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In their first showing at the Little NHL in years, the Dokis Novice team took silver. Shown are Liam Restoule, Robert Restoule, Carter Dokis, Bryden Knight, Aleah Restoule, Jackson Mead, Lauren Longboat, Angus Restoule, Justin Restoule, Noodin Pitura. Goalie is Sofia Mallozzi. Coaches left to right Darcey Restoule, Chris Dokis, Derek Restoule and Shawn Restoule
Les Filles d’Isabelle à Sturgeon Falls : 75 ans d’Unité, Amitié, Charité
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by Brad Aubin
March break is always an exciting time for hundreds of young hockey players who travel to Mississauga to represent Nipissing First Nation and Dokis First Nation at the Little Native Hockey League (Little NHL) tournament. The huge event attracts over 200 teams from all across the province as well as thousands of spectators, with grandiose opening and closing ceremonies and some very competitive hockey.
While a different first nation hosts the tournament each year, it is always held in Mississauga due to the sheer size of the event. As always, the Nipissing Warriors were well represented at the Little NHL, and the local community was also introduced as the host nation for the 2020 tournament.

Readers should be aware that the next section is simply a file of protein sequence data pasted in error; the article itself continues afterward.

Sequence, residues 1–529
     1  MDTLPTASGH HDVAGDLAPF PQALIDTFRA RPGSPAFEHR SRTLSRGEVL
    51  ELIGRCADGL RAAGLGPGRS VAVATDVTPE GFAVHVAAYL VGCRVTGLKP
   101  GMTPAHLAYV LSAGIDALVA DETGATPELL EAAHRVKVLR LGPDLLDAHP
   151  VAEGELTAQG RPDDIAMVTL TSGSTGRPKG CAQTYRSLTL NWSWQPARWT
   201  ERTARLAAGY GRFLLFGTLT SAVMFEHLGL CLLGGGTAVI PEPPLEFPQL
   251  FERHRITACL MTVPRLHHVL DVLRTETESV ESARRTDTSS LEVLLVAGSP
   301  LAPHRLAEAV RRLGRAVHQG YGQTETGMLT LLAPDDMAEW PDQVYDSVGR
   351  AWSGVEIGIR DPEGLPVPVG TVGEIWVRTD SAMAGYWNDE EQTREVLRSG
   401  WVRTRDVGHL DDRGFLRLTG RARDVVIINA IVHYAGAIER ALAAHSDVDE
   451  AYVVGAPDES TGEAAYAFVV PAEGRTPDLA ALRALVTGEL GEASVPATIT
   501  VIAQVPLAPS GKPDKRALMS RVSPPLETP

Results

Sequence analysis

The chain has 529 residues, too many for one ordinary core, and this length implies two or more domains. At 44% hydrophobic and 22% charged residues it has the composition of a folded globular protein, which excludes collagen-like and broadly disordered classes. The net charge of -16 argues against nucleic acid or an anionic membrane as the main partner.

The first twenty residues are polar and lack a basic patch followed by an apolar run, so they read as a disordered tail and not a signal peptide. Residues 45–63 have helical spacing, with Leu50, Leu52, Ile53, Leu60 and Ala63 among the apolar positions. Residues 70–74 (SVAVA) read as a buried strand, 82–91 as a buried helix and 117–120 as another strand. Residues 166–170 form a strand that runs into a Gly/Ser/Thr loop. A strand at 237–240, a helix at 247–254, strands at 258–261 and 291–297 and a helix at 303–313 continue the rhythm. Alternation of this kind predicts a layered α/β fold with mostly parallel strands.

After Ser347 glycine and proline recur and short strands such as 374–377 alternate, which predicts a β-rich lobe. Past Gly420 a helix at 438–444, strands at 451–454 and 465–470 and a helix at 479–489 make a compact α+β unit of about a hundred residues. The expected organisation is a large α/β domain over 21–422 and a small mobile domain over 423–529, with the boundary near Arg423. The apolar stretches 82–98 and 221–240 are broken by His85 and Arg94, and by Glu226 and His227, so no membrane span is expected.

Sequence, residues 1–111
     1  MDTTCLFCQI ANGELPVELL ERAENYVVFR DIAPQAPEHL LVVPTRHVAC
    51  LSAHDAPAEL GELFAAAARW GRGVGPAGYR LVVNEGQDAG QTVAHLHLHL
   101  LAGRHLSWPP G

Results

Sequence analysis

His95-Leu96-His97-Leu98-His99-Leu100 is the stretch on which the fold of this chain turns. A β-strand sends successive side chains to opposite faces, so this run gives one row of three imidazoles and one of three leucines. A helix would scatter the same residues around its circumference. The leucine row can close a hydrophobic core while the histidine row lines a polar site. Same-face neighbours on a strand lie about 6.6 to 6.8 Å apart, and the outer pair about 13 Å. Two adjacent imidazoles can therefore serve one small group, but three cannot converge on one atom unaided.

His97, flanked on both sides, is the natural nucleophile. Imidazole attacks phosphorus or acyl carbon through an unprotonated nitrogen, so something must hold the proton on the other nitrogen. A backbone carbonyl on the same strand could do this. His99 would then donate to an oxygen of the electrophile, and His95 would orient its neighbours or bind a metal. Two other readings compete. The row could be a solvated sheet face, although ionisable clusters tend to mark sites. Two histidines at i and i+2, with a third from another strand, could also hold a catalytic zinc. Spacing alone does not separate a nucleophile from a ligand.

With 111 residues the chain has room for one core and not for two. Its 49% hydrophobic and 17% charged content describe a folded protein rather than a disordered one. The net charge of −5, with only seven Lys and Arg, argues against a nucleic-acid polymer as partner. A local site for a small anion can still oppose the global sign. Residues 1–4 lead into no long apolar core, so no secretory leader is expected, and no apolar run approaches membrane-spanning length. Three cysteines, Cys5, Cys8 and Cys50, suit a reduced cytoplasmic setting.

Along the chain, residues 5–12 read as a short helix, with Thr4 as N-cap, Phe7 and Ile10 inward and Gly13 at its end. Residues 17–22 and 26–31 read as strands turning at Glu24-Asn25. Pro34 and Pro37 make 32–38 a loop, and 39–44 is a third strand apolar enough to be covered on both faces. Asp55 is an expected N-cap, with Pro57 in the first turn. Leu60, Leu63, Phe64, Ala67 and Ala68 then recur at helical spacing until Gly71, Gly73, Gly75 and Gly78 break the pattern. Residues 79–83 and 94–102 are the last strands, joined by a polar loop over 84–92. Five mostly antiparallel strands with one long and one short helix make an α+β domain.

Nipissing sent 12 teams this year, including a Tykes, a Novice, an Atom Girls, Atom Boys, Pewee Girls, two Peewee boys, a Bantam Girls, two Bantam boys and a Midget squad. An incredible 6 of those teams brought home medals. The Peewee Boys Recreation team brought home the gold in the “C” division, while the Peewee Girls took gold in the D division. The Peewee Boys Competitive team took silver in the B division. The Bantam Boys Competitive team took silver in the C division, while the Bantam Girls won silver in the B division. The Atom Girls also earned a silver in the B division.
It was a banner year for Dokis, who sent two teams to Little NHL for the first time since 1974. The Novice Recreation mixed team won silver in the hard-fought A division, and the mixed Tykes team had a great showing as well. Dokis Novice Coach Chris Dokis was beaming with pride as he explained the achievement. “It’s more interest as well as more bodies to fill the teams. Both of our teams were all Dokis members except one child. The children were very proud to play for their First Nation. None of this would be possible without the parents who take the time to get their children out to practice week after week. Also for parents who take the time off to go for the week [to Mississauga]. Go Dokis go!”
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